Sky House is located in An Phú, District 2, HCM City.
HÀ NỘI Sky House by architect Nguyễn Hoàng Mạnh won a Realised Award at the 33rd World Architecture Community Awards in London.
The award was selected by the votes of honorary members and winners in earlier cycles to honour ten outstanding works.
"The quality of Vietnamese constructions has been increasingly recognised in the world," said Mạnh. "It is a good signal and encouragement for Vietnamese architects."
Mạnh and his team from MIA Design Studio Vietnam completed Sky House in 2019. The work also won the Ashui Award 2019 for Building of The Year. It is an annual award to honour the best architecture works by Ashui Việt Nam Corporation.
"In combination with our desire is the personality of the owner who loves and enjoys inner-peace and calmness," Mạnh said.
"Therefore, the design team was determined to have a clear idea for the architectural plan which could promote a deep horizontal and vertical connection between human to human and human to nature in this house."
Sky House by architect by Nguyễn Hoàng Mạnh from MIA Design Studio Vietnam. Photos courtesy of MIA Design Studio Vietnam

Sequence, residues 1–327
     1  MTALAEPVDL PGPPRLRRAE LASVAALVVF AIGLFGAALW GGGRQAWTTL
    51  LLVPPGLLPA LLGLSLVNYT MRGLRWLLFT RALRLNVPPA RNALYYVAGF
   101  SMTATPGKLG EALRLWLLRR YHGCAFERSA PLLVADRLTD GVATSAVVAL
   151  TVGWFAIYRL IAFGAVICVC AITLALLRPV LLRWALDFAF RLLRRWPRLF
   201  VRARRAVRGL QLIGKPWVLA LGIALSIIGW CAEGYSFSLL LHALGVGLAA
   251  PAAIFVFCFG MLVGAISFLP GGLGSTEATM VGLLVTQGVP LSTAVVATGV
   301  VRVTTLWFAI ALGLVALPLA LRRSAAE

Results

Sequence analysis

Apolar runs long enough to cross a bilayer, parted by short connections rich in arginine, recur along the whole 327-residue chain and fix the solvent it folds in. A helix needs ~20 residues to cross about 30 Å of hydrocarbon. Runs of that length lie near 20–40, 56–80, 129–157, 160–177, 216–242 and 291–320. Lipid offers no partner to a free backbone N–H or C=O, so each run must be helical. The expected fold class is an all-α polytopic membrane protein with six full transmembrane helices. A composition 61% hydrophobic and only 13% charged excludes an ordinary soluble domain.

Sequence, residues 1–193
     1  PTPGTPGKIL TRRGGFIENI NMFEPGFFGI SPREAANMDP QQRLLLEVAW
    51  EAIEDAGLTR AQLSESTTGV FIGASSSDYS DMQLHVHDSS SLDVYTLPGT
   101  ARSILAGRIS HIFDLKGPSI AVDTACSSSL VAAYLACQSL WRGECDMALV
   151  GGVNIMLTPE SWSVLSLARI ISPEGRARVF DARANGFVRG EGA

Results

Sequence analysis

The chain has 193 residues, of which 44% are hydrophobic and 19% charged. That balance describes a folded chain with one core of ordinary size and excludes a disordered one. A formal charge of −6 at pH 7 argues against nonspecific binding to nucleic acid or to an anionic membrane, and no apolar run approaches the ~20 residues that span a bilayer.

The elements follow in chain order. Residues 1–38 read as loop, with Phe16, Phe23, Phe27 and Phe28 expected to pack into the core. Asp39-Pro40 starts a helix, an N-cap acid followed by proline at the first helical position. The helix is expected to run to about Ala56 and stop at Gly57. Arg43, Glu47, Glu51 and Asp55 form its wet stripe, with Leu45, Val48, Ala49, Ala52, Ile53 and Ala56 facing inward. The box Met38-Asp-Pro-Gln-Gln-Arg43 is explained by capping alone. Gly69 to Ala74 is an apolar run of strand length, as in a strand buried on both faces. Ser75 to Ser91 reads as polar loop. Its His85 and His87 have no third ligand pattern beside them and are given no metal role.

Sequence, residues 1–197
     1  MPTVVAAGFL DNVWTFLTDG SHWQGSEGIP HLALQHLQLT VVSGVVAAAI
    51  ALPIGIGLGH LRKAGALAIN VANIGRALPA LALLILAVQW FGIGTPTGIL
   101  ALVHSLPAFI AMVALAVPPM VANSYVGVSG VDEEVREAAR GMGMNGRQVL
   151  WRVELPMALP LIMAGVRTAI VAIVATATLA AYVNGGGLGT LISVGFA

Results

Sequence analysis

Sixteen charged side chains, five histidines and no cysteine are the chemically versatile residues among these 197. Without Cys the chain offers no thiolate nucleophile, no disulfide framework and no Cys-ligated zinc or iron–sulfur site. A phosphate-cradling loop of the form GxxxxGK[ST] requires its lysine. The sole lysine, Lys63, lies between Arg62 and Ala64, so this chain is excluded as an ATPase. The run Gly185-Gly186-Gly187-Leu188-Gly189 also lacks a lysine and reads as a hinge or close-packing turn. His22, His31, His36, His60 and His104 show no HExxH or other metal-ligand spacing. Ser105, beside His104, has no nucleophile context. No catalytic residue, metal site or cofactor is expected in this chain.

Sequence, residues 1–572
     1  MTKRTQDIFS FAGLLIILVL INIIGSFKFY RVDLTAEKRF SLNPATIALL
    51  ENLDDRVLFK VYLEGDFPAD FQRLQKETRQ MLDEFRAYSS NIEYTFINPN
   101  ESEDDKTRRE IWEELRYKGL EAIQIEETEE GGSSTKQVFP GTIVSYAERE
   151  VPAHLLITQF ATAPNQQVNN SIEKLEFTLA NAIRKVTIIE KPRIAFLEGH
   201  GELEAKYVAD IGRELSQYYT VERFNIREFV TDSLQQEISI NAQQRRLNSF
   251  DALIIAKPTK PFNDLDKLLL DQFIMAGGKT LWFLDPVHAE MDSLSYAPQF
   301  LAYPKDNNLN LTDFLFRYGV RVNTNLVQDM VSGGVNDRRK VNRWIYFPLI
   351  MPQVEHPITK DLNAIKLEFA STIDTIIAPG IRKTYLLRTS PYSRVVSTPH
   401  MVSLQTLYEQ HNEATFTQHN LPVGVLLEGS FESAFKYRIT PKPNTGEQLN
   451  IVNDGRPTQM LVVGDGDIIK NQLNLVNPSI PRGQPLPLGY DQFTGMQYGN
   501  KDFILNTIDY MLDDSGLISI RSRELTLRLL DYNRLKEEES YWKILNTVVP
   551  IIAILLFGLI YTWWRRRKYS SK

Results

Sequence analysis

In his description, Mạnh said that HCM City is a metropolitan city of Viêt Nam with the highest density of construction, vehicles and population of the country. With that, followed the boom of urban infrastructure and traffic congestion causing a reduction of green spaces where people can seek tranquillity and sit in harmony with nature to release stress.
Being a part of this urban context, the Sky House location is characterised by numerous skyscrapers that surround the site, built close together, creating an uncomfortable scale between people and buildings and presenting difficulties when trying to design an "open" and "airy" project.
Mạnh and his team found the solution to create connections between the spaces so that natural elements can be present and carried through every corner of the house. Without any external influence or intention to maximise areas for unnecessary rooms, the design process started by dividing the house in two parts.
The first half is devoted to the sun, wind, water and trees with its empty spaces while the other half is dedicated to family activities with necessary utilities.
As an alternative to the common approach of opening the four sides of the house, the architect creates a vertical connection between the house and the sky. This approach has allowed the house to receive natural sunlight from above and see the changes in weather and daylight hours.
The World Architecture Community announced the winners in Architecture and Interior Design sections last week. It has 50 different winning projects from 22 different countries with a fantastic mix of building types, spanning from Mexico to India, Romania to Canada. VNS